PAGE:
It also reminds me of Barry Manilow’s early 70s song “She’s a Star” from the album Tryin to Get the Feelin Again. The song was supposedly about Bette Midler.

It would be fun to hear Cher cover “Snow Queen.” It could be a  sort of F.U. peace-offering. She could keep most of the lyrics but sing "Goodbye Yellow Brick Road," "Rocket Man" and "Sorry Seems to Be"…at the fade out.

And speaking of talons and the lovely 80s Interview cover picture I talked about last week, my Richard Bernstein photo book came today. Whoo hoo! Bernstein did those Warhol-esque Interview covers for many years. In the book, Bernstein calls himself a “thoroughbred New Yorker and his photo looks like it fell the wall of an  80s hair salon.

Inside there’s a short essay on Cher that attempts to conceptualize her stardom. It says she’s somewhere between the invention of the Barbie Doll and the Valley Girl, “a money-to-burn celebrity,” and “someone every Jewish princess, Dry Wasp bitch, valley girl from Tuxedo, South Carolina and Hi Hat, Kentucky, can relate to.” I don’t quite get that, but okay.

“Today [this is the early 80s, remember] Cher’s famous claws for nails are clipped. So is her windfall of glossy black hair…Her nails were like falcon’s talons, a mighty two inches long and dipped in sanguine crayon. Cher's eyelashes still flap like porch awnings.”

“She wants to be an ordinary high-serious actress so she's moved to New York...”

Ah yes…so pedestrian to be an award winning actress when you can be a cultural icon. With that I agree.


Songs Cher Should Cover

Sandc_2Since my first thought of having a Cher blog, I’ve wanted to include a feature called “Songs Cher Should Cover.” You run into so many songs here and there that you think have that special stamp of Cher-potential. I always thought Elton John’s “Take Me To The Pilot” would really kick ass and I felt a self-satisfied sort of delight when finally seeing her sing it with the Pointer Sisters on a re-run of her mid-70s Cher Show. However, in my fantasy it was a Sonny & Cher cover for some reason. I could see them arm in arm, rocking to the chorus: “Take me to the pilot; lead me to the chamber. Take me to the pilot; I am but a stranger. Na na na. Na na na!” (See picture to the right.)

I feel the same way about the song “Best Imitation of Myself” by Ben Folds Five. Not only does the song rock hardy, but Ben Folds’ lyrics seem truly written about Cher, like those Prisoner songs back in 1979, only smarter. (I mean we all know Cher loves to shop, but I’d like the few-and-far-between biographical numbers to be more informative than she buys one in every color.

I feel like a quote out of context…withholding the rest so I can be free what you wanna see.
I got the gestures, sounds, got and the timing down …it’s uncanny. Yeah you’d think it was me.

Did I make me up?
Or make this face ‘til it stuck?
I do the best imitation of myself.

It’s a song that says both “Impersonators out there, take heed – you can’t do this better than me” and  “Everyone else, I am the master of my show; stop judging me and piss off!”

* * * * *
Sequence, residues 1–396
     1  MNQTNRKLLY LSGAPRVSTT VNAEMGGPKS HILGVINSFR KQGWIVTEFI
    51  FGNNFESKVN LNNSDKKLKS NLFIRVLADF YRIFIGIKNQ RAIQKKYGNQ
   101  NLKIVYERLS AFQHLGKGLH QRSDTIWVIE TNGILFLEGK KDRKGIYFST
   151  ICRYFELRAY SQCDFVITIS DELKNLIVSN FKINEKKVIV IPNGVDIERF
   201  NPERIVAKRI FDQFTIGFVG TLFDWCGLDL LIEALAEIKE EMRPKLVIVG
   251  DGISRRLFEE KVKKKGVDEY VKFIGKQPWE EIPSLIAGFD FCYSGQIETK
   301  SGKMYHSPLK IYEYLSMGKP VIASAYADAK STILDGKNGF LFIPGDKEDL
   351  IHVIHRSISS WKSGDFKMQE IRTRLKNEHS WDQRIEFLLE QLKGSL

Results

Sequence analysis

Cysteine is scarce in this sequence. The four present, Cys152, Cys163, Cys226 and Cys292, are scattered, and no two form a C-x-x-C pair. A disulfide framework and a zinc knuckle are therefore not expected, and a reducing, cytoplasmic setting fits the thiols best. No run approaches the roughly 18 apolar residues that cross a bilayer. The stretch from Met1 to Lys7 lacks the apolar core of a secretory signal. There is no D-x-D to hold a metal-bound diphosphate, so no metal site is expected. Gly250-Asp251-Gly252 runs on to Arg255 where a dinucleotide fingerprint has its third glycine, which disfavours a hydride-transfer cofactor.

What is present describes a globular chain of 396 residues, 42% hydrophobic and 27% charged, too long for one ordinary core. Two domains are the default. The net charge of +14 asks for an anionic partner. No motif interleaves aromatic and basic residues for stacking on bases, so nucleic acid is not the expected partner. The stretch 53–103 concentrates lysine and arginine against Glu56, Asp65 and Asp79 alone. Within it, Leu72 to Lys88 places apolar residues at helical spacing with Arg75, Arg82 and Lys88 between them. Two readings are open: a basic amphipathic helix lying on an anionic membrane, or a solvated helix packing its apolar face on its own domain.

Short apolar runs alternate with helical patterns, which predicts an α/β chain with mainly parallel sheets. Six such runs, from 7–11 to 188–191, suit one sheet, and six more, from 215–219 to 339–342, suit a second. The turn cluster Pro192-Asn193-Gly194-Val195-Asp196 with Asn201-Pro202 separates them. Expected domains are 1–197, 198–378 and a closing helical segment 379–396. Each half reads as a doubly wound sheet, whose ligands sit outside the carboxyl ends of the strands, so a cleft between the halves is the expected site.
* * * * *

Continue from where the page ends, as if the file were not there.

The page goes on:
To fully disclose, I’m a Ben Folds fan. I’ve seen Ben Folds Five play in New York City and I saw Ben Folds play alone at the Coachella Music Festival a few years ago. He was amazing without a band, just him pounding away on his piano. I love “Brick,” “Eddie Walker” and “Rockin the Suburbs.” Even the line

I take the check and face the facts as some producer with computers fixes all my shitty tracks

makes me smile like Bette Midler might before saying something snarky about “Believe.”

Ben Folds Five also mentions Cher in a cover of the Flaming Lips song, “She Don’t Use Jelly”

I know a girl who reminds me of Cher. She’s always changing the color of her hair.”

My Dad just sent me the Tom Waits’ album Orphans. I know many pop-fans find Tom Waits un-listen-able. My Ape Culture co-hort Julie Wiskirchen said “[Waits] sings and acts like a crazy person on the subway.” In many ways Waits is the anti-Cher. He’s so anti-image, this is his image. So anti-artifice, that’s his artifice. He’s the pinnacle of rock 'n' roll credibility and would never be caught dead on dance-floor speakers. He dresses down – way, way down. No wigs (as far as we know) and no glitter.

I had the Waits CD once with “Downtown Train” on it. I don’t know what happened to it, which means the CD found its way to the Salvation Army store. A scoundrelish Irishman I used to date re-introduced me to a few Waits tunes which I passed on to my Dad who is now a fan. I didn’t realize Waits sang “Ole 55.” Back then he sounded more like Gregg Allman than the smoking, hard-drinking, gnarly voice we’re hearing today. (Yes I know, Allman has a gnarly voice too; but there's really no comparison.)

I love the new album. The lyrics are stand-out poetry and the pieces are very melodious -- if some of you can get past his voice. Which if you’re acclimated to Sonny Bono shouldn’t be a problem. In fact, I think if it were not for Waits' rough-and-tumble image, these songs would be considered pop songs, they’re so catchy. The album has three CDs. Brawlers is bluesy, Bawlers is more about standards. I haven’t gotten to the last one, Bastards, yet.

But from the blues-infused Brawlers CD, two songs would be great to hear Cher cover: “Lowdown” and “Lost at the Bottom of the World.” They are lyrically strong (like her later Warner Bros material) and they offer contrast to her musical oeuvre, such as the ballads of It’s a Man’s World did. Those ballads gave Cher “a slow moment” in the overall show.

To this point, it was tragic when we lost “The Way of Love” from the set of Cher’s Farewell tour because that was the only quiet moment in a frantic, non-stop show. Just like Celebration at Caesars had “Take It To the Limit” and “On My Own,” the Farewell needed a ballad or two. We need a quiet, melodic contrast to all the lights and color, just as a visual design needs a contrast between light and dark or rough and smooth.

Plus, Waits would be a respectable choice for someone interested in amping up their rock 'n' roll street cred. In fact, “Ole 55” would be a great cover too.

And now the sun’s comin up
I’m riding with lady luck
Freeway cars and trucks…
Freeway cars and trucks…

If my mind’s somewhere else, you won’t be able to tell…
I do the best imitation of myself.